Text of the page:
Every day 3,300 people around the world are killed due to road traffic incidents, this is approximately 1.2 million people each year or equivalent to losing the entire population of a city the size of Sofia. Deaths from road crashes are ranked the 11th leading cause of death and accounts for 2.1% of all deaths globally. The majority of road traffic injuries effect people in low - middle income countries which include many of the Banks countries of operation. The most effected groups are young adults, especially males between 15 and 44 years of age and these accounts to around 59% of all road deaths.
In 2011, the United Nations launched the Decade of Action for Road Safety in recognition of road safety being a major global public health issue. This is a global initiative that aims to save 5 million lives and avoid 50 million serious injuries by 2021. The EBRD along with other MDB support the global call for action from World Health Assembly Resolution WHA57.10 (Road safety and health), UN General Assembly Resolutions 586/289, 60/5, 62/244, 64/255, and 66/260 (Improving global road safety). The UN’s recently approved 2030 Agenda for Sustainable Development has underscored the importance of addressing road safety. As part of Sustainable Development Goal 3 (“ensure healthy lives and promote well-being for all at all ages”), a global target has been established to “by 2020 halve global deaths and injuries from road traffic accidents” and in order for the EBRD to support this effort it continues to seek out, develop and implement road safety assignments which aims to promote best practice on a variety of its investments.
In 2015 an extension for Road Safety Framework have been approved, which will continue focusing on: risks to workers and communities from road traffic; Technical inspections and road safety audits of road designs to identify and eliminate road safety risks prior to construction; Capacity building of local engineers to raise awareness of best practice road safety engineering principles; Assistance in developing existing national technical standards to meet good international practice; Preparation and assistance in implementing of Road Safety Strategies and Action Plans at the institutional level.This project is in line with EBRD has joined other major Multilateral Development Banks (MDBs) to help achieve the goals of the decade. The MDBs agreed “A Shared Approach to Managing Road Safety” in 2009, which commits the MDBs to scaling up and mainstreaming road safety into their operations.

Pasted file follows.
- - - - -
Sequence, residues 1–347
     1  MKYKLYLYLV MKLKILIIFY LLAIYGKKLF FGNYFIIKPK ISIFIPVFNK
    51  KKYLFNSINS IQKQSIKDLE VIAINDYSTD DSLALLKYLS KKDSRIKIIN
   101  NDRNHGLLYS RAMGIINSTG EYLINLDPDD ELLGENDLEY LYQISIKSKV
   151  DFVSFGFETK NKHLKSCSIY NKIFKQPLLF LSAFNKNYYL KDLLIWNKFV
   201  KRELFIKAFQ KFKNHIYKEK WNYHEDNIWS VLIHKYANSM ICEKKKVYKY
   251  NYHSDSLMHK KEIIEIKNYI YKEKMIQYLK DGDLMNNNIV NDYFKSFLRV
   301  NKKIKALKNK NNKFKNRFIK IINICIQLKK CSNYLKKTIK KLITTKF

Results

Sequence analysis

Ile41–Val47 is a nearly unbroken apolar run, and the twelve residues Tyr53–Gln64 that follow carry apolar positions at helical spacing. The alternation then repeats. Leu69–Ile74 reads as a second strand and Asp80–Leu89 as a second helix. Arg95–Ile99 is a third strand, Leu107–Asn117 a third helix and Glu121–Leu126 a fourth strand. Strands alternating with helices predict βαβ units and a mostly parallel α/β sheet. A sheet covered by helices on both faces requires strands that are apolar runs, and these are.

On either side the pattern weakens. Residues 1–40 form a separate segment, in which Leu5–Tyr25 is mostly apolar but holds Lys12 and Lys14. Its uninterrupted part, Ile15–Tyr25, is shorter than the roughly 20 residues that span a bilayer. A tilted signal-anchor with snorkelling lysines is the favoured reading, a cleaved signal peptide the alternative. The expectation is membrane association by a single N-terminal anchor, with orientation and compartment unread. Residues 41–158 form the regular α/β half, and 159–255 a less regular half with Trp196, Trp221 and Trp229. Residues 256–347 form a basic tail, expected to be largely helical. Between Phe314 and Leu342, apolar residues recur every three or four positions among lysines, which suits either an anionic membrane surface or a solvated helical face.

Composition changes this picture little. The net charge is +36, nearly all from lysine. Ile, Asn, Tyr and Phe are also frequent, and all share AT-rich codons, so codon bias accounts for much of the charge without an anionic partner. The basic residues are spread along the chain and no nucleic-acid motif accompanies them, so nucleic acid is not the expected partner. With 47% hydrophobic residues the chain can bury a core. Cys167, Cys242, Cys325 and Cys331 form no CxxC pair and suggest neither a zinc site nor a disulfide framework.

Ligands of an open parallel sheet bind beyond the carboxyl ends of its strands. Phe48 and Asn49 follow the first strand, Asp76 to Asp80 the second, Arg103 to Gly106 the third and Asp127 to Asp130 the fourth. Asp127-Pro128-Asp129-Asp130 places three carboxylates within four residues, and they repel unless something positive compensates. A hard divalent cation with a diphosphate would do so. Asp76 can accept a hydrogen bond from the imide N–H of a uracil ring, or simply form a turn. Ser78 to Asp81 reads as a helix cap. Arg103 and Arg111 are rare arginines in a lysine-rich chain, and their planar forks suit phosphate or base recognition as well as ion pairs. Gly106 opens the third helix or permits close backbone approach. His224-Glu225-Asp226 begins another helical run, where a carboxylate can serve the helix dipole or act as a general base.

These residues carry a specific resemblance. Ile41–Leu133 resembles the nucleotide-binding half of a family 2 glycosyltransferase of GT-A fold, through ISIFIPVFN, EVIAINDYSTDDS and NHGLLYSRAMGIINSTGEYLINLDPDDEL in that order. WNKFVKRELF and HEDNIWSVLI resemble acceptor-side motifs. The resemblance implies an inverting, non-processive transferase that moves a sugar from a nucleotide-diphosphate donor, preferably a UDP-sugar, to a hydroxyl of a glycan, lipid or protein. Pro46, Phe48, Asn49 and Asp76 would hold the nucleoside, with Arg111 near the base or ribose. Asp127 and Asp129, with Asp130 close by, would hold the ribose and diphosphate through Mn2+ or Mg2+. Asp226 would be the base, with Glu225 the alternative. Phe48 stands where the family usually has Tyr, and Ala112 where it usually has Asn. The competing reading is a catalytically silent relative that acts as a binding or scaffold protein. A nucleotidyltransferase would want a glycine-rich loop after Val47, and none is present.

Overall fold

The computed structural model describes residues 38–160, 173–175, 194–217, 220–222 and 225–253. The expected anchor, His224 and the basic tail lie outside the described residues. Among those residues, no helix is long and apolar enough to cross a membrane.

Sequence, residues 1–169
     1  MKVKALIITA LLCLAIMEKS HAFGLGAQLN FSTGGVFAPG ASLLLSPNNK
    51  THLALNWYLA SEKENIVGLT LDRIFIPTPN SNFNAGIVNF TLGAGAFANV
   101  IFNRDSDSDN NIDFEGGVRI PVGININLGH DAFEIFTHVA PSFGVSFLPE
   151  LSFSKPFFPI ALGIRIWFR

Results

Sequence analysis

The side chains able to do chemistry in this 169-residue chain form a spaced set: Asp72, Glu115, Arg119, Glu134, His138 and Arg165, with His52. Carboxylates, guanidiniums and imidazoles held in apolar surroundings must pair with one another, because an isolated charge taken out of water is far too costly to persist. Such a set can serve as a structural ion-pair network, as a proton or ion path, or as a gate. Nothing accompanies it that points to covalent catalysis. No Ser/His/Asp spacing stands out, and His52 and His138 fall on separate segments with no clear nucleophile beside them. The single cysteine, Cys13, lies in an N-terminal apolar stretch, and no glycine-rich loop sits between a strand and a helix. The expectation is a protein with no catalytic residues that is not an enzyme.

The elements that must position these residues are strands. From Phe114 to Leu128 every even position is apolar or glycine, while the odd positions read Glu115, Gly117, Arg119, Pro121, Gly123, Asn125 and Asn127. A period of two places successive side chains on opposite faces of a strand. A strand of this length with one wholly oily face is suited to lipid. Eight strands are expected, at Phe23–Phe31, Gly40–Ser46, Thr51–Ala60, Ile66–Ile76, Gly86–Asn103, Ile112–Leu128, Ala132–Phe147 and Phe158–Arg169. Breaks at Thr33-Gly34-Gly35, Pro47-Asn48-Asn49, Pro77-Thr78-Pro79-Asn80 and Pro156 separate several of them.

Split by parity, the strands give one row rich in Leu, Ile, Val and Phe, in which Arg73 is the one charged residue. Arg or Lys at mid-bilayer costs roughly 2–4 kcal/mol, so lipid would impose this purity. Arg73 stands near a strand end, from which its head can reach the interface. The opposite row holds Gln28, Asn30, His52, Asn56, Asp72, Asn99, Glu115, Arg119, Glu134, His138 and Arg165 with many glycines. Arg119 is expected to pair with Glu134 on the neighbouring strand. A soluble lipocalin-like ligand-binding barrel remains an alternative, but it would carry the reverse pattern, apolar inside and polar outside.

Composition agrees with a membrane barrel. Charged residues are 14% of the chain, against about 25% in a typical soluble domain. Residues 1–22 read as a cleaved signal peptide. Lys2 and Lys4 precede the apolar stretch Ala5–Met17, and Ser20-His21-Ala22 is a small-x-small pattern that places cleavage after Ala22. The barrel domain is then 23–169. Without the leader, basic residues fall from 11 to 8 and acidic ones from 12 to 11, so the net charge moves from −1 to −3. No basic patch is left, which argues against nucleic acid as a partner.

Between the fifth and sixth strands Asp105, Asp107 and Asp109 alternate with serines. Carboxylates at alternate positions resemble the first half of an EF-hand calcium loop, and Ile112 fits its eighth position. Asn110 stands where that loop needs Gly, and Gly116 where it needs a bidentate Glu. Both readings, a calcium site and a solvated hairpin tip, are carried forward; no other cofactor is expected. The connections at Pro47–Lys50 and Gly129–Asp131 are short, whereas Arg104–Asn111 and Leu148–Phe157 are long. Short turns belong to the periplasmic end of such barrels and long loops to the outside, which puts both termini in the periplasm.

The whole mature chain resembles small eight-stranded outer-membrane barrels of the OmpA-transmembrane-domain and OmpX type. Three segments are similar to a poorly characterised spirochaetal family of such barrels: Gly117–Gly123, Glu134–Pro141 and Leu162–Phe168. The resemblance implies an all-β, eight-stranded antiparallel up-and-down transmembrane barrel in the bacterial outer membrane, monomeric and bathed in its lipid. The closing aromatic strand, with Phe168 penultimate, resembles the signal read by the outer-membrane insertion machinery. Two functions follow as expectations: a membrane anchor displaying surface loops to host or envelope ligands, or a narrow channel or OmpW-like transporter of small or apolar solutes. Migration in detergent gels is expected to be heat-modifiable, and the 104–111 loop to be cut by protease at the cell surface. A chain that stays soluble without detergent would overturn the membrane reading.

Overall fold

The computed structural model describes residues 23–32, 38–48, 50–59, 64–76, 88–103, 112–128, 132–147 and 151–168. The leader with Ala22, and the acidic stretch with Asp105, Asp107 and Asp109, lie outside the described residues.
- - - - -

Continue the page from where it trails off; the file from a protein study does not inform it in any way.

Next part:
This TC Project feeds directly into this Bank’s Transport Strategy – Section 3 and Bank's Environmental and Social Policy 2014 Performance Requirement 4.
Identify effective and successful transport safety measures and initiatives to minimise the risks on client projects and enhance the transition impact.
TC Recipient Information
The EBRD clients in various countries of operation
All assignments under the project, have been funded through EBRD-managed donor funds ( Shareholder Special Fund)
Any competitive selections for business opportunities relating to this project will be published on the EBRD's website: Consultancy Procurement Opportunities.
EBRD project enquiries not related to procurement:
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Access to Information Policy (AIP)
The AIP sets out how the EBRD discloses information and consults with its stakeholders so as to promote better awareness and understanding of its strategies, policies and operations following its entry into force on 1 January 2020. Please visit the Access to Information Policy page to find out what information is available from the EBRD website.
Specific requests for information can be made using the EBRD Enquiries form
Independent Project Accountability Mechanism (IPAM)
If efforts to address environmental, social or public disclosure concerns with the Client or the Bank are unsuccessful (e.g. through the Client’s Project-level grievance mechanism or through direct engagement with Bank management), individuals and organisations may seek to address their concerns through the EBRD’s Independent Project Accountability Mechanism (IPAM).
IPAM independently reviews Project issues that are believed to have caused (or to be likely to cause) harm. The purpose of the Mechanism is: to support dialogue between Project stakeholders to resolve environmental, social and public disclosure issues; to determine whether the Bank has complied with its Environmental and Social Policy or Project-specific provisions of its Access to Information Policy; and where applicable, to address any existing non-compliance with these policies, while preventing future non-compliance by the Bank.
Please visit the Independent Project Accountability Mechanism webpage to find out more about IPAM and its mandate; how to submit a Request for review; or contact IPAM via email firstname.lastname@example.org to get guidance and more information on IPAM and how to submit a request.